1165th Military Police company deploys Jan. 3
In the last 20 years, the Alabama National Guard has sent more troops into harm’s way than any other state in the nation. Members of the 1165th Military Police Company, some of whom are based at the Don Bryant National Guard Armory here in Brewton, are not new to deployment. They served twice in Iraq, in Louisiana after Hurricane Katrina, and in Salt Lake City during the Olympics.
Now they are once again going overseas, this time to Afghanistan. The group from Brewton will report to headquarters in Fairhope for a farewell ceremony to be held Jan. 3, 2011.
The ceremony will take place at noon. at the Fairhope Civic Center, located at 161 North Section Street.
Staff Sergeant Frank Barnes said the group will then report to Camp Shelby in Mississippi where they will get additional training for about 28 days.
“Thing have changed a lot since 1990 when the unit was deployed to Iraq,” Barnes said. “It was decided that the Guard would train themselves. In Pre-mob (pre-mobilization) they have learned weapons qualifications, First Aid and other tasks that everyone will have to know. We have also earned the respect of the regular military. We used to get hand-me-downs from them, but now we get better equipment and are not looked on as week-end soldiers. We will be on very different terrain in Afghanistan than we were in Iraq,” he added. “We are going to Camp Eggars in Kabul where General Petraeus is.”
David Howell Petraeus is the current Commander of the International Security Assistance Force and Commander of U.S. Forces in Afghanistan. Camp Eggars is a city in itself, surrounded by embassies from around the world and is perhaps the safest place to be assigned.
“Our job is to make sure no one gets to where they don’t belong,” said Barnes. “Nationals are allowed on base and it is part of our duty to check and know everyone who comes onto the base. This is the first time a Military Police company is to be the security force for the camp. We are taking over from a transportation company.”
Barnes said that every soldier from Brewton has volunteered although they might not have used all their ‘dwell time’ to which they are entitled. Some individuals have been loaned out to other companies and would not be required to go this time.
The group will be deployed for a year to Camp Eggars. Their duties will be to guard the camp and the dignitaries that might visit. Barnes said the most dangerous duty they will have is to act as fuel escorts.
There are about 25 members of the guard who live in or near Brewton.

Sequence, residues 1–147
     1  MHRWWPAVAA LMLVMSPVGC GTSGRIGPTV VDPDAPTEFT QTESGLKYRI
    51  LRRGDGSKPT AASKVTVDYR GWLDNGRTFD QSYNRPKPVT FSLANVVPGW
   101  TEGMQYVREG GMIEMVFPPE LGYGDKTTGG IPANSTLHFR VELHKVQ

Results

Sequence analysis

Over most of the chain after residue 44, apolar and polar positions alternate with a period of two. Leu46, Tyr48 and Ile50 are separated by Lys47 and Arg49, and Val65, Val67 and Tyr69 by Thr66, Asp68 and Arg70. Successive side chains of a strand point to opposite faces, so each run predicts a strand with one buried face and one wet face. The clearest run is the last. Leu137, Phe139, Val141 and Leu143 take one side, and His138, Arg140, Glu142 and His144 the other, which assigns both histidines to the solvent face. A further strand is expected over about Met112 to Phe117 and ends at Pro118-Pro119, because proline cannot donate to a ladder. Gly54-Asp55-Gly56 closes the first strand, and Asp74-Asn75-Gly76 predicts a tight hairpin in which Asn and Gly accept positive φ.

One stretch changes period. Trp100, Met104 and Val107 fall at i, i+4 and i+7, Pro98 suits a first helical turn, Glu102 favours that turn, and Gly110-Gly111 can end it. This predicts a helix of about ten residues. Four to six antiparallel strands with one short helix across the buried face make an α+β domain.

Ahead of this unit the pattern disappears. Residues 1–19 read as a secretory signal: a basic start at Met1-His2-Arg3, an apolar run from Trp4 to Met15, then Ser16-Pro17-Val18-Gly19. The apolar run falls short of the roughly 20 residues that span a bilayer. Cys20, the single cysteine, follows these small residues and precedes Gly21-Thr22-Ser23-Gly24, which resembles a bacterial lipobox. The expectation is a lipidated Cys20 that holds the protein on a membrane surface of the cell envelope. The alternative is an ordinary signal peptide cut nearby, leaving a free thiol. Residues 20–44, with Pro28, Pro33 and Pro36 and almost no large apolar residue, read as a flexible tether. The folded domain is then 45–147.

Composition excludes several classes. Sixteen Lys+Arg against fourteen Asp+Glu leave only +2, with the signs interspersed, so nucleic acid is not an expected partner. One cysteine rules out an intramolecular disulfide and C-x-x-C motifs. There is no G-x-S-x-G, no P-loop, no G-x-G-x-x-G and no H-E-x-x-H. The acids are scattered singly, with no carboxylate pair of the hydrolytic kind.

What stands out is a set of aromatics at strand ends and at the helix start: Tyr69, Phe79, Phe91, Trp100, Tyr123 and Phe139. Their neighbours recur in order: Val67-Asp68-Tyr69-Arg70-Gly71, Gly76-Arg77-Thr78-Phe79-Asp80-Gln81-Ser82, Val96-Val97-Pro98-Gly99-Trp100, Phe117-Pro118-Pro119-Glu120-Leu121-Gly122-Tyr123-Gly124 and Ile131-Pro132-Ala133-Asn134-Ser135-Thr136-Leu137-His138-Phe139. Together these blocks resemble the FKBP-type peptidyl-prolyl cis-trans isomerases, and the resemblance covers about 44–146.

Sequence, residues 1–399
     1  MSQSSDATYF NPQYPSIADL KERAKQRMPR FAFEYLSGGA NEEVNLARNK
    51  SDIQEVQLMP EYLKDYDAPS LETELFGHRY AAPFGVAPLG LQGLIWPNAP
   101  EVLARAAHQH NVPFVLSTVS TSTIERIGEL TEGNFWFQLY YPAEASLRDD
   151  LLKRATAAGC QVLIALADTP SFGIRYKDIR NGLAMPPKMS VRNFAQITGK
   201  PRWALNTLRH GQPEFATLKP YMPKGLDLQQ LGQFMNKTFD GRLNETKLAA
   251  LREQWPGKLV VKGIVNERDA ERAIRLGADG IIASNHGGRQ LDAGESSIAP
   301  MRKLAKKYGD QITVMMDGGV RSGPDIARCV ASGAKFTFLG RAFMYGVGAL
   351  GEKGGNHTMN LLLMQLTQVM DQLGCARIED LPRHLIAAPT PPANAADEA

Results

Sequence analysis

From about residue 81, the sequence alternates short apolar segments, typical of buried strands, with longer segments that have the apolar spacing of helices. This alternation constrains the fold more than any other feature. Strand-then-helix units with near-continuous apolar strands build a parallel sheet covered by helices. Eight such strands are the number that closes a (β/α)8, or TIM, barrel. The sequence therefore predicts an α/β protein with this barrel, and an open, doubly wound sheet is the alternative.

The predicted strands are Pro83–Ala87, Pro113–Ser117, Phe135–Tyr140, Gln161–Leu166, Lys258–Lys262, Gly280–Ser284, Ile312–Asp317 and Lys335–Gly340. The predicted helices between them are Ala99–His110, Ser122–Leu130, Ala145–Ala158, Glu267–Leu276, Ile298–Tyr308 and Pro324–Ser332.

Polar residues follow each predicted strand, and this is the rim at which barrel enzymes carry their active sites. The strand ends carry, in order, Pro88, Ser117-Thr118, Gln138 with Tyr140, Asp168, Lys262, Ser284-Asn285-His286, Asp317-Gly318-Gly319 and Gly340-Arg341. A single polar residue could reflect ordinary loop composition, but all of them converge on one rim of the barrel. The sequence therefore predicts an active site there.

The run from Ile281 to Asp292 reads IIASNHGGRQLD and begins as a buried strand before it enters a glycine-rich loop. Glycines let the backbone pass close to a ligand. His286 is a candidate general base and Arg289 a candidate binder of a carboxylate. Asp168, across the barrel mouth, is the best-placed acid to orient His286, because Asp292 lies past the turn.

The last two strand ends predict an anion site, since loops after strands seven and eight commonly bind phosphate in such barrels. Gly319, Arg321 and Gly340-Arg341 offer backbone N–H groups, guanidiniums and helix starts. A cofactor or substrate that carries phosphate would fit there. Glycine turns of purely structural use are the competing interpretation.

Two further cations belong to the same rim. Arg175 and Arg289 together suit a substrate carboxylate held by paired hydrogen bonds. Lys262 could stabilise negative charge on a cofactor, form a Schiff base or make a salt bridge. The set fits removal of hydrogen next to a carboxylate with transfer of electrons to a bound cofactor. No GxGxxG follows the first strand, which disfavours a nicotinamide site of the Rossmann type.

Together with the rest of the company, 170 men and women (18 of them) wil be deployed.
The soldiers are not the only ones to be affected by the deployment. In man cases, parents, wives and children are also facing the separation from a loved one for a long period of time. Some are seasoned while there are those who are facing it for the first time.
Amanda Barnes is the wife of Staff Sergeant Frank Barnes. The couple met three years ago and have been married for a little more than a year.
While he is on his way to Camp Shelby, she will be going through her own stress at home. She has a seven-year old, Tyson, who is disabled and will have to have surgery, at least one time and maybe more.
“I have him to take care of, and that will take a lot of time,” she said. “Then I have my animals around the house to take care of. Frank has a son, Logan, who is nine years old and he has been through this before. He is an amazing little boy and he loves his daddy.”
And Floyd is a child of the military. Her dad was military and she has been through this before with him and with her husband, Sergeant David Floyd.
“The separation gets worse and harder each time it happens,” she said. “ know this is their jobs but it doesn’t get any easier. We have a couple of God-children who will miss him just as much as if they were our own kids. I have a 17 year-old boy, but he lives in the world of teenager right now.”
Sergeant Barnes said that the stress level is worse for some than for others.
“Everybody has different stress levels and everybody is different,” he said. “It’s hard to know what is really going on. Wives are left out of the loo and sometimes the situation is not so good. It’s hard for us too. It’s hard to go to bed every night alone and know that your family is nowhere nearby.”
Sergeant Floyd said much the same thing.
“We are going to tell our wives everything and how it is,” he said. “It should be easy duty there, but we don’t know what it will really be like. The most dangerous thing we will probably do will be to escort fuel trucks on the highways.”
Some wives have learned to depend on others for comfort during this time.
There is an ex-soldier Joe Birendeli, who has formed Citizens for Local Troop Support, which helps in a family or soldier issue. Then there are those who band together with other wives they know. Some soldiers and their wives have invested in computers with cameras so that they can stay in closer contact with each other.
Barnes said that they will be very busy in Afghanistan. The 170 men and women going from the 1165th MP Co. are replacing a transportation unit that numbers twice that many. Both he and Sergeant Floyd said they are ready to go on and get the job done, so they can get back home. It is estimated that there are 400,000 military personnel serving away from home.